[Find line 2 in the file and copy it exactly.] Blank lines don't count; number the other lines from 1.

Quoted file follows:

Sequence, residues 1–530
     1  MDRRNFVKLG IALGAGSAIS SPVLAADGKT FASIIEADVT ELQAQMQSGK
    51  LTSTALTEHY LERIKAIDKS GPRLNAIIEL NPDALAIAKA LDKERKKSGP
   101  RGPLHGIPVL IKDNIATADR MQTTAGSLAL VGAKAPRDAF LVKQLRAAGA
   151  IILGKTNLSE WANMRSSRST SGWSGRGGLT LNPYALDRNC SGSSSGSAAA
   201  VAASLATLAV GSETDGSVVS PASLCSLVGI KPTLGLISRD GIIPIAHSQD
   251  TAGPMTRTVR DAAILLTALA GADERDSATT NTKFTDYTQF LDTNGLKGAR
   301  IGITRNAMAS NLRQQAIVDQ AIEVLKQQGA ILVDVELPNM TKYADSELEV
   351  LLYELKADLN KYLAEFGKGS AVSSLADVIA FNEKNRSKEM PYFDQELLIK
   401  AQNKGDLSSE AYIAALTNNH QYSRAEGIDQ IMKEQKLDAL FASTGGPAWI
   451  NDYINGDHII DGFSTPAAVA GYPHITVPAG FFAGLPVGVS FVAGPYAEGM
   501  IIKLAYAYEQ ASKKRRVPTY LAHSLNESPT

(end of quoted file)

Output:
     1  MDRRNFVKLG IALGAGSAIS SPVLAADGKT FASIIEADVT ELQAQMQSGK